The first fibers!
Achieving fiber formation took a couple tries. The first hurdle was drawing fibers out thin and far enough so the solvent could evaporate completely from the thread by the time it landed. If solvent accumulated on the collector, it would redissolve the fibers into a film.
Trial and error took us from sample 1 which consisted of fiber and film islands to sample 2 which was all fiber.
You’ll notice the collectors are now somewhat standardized to promote reproducibility. Surface area is one of the many variables to manage in order to compare test results from one trial to the next.
Now that our samples pass visual inspection, it’s time to review them under a more powerful lens, an optical profilometer if I’m not mistaken.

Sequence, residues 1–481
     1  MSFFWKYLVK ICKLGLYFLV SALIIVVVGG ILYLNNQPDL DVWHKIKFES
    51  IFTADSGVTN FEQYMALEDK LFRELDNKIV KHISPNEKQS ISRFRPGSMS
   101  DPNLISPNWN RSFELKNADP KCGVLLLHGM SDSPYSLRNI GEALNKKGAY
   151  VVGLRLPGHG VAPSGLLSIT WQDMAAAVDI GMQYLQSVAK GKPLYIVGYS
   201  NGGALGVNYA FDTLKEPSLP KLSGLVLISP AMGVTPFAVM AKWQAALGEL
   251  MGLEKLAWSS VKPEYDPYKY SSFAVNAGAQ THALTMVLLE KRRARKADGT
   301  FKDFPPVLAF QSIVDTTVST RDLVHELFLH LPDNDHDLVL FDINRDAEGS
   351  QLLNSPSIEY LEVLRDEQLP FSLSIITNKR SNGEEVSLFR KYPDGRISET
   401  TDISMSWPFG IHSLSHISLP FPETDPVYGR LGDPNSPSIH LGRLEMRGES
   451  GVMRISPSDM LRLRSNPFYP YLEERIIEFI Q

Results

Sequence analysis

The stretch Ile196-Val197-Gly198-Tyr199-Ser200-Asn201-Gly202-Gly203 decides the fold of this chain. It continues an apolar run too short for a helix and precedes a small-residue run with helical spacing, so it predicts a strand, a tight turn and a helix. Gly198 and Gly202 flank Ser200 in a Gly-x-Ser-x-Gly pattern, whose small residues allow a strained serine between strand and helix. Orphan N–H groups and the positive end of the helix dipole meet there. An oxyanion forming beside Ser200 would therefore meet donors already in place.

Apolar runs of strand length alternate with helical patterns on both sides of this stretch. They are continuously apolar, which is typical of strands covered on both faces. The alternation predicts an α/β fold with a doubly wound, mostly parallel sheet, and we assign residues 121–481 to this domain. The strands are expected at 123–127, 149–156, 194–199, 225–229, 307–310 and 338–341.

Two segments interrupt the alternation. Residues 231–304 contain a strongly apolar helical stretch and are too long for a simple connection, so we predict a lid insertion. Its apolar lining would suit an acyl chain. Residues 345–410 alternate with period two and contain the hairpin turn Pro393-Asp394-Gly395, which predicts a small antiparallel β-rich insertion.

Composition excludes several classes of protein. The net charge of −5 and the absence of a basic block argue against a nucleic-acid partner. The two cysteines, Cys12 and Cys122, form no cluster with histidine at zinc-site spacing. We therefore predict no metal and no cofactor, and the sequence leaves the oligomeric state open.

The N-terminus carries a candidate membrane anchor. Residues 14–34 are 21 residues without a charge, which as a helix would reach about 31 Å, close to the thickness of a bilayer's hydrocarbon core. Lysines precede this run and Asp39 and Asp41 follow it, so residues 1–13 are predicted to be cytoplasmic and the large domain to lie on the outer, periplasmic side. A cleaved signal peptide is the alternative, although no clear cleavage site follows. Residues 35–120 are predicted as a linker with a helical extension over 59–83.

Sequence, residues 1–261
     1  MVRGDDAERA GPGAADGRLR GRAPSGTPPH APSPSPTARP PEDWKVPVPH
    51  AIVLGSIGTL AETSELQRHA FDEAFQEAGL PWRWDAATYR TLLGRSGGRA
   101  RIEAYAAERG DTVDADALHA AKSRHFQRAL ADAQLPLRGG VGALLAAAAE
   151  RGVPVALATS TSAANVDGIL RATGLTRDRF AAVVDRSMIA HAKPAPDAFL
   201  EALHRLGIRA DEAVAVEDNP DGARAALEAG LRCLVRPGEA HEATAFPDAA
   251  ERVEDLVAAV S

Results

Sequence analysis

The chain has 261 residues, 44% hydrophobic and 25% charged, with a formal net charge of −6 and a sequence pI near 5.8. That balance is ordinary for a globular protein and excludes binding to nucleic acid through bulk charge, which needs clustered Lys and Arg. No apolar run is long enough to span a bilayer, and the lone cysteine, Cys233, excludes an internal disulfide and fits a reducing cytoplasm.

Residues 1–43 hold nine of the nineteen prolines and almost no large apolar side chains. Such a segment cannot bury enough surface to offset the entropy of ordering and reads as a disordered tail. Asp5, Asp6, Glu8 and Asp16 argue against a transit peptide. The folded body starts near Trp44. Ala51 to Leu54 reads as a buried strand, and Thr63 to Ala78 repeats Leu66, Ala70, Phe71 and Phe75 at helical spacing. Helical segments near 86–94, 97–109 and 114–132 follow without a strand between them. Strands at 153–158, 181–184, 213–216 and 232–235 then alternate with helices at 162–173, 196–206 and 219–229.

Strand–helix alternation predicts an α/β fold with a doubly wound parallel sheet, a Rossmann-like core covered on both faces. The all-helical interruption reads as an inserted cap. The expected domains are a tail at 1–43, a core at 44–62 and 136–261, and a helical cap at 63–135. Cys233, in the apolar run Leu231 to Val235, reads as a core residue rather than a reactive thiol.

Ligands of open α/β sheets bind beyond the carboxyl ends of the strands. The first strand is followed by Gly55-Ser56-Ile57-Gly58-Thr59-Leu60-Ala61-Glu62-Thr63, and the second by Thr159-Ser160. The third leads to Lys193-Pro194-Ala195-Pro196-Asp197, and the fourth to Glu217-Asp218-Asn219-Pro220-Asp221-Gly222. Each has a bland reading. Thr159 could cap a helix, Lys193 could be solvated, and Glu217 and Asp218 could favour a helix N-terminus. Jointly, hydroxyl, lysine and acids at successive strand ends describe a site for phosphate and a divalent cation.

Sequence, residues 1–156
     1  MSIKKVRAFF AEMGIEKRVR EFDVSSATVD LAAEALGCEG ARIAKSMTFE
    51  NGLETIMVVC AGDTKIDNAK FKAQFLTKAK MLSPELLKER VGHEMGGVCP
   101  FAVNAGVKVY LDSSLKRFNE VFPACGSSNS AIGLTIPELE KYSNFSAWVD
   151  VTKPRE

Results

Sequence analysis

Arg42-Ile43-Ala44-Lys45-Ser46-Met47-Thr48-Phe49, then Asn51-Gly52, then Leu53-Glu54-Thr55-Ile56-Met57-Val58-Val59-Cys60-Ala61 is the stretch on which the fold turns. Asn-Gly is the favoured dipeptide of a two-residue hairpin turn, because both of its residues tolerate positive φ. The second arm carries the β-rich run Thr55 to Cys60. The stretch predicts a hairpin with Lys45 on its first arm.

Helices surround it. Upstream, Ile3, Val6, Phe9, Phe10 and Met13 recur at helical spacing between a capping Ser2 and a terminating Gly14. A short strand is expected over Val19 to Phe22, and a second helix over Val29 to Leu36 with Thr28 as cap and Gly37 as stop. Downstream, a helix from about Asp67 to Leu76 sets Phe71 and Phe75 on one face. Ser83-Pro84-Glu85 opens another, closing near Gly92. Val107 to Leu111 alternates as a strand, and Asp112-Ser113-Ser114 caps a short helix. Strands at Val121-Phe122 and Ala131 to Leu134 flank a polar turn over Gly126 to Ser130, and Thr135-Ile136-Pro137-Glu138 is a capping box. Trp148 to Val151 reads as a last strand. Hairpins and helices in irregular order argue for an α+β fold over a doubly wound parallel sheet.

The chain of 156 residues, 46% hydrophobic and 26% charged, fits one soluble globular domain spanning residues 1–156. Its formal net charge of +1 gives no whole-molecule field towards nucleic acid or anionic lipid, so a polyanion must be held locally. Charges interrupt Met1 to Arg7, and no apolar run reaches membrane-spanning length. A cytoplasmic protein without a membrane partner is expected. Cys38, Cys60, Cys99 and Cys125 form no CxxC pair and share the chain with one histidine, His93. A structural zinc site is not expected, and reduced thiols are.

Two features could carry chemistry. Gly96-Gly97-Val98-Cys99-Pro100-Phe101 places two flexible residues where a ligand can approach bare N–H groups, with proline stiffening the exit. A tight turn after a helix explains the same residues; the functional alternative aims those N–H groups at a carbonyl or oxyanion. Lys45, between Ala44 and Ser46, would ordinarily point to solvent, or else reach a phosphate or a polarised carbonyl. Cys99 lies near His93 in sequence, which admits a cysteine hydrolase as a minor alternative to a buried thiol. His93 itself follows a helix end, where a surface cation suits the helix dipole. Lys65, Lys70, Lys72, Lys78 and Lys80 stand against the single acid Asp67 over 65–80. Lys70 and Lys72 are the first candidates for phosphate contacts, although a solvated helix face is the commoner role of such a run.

In sample 1, we can take a look at the splatter zones and note the absence of fibers. The top left grayscale image is the best visual and just shows blotchy accumulations.
The data for sample 2 looks much more promising. The top left grayscale image has prominent fiber formation, albeit littered with defects.
Look at all those globules! We’re looking for clean uniform fibers without beads.
There are some more experiments to run and parameters to refine. But this was a fun first development cycle!
With the foundation laid, a round of production and testing can turn around in two weeks. That’s a respectable cadence for a side project, especially considering ~5 days of that is just shipping and logistics between production in San Francisco and testing in Baltimore.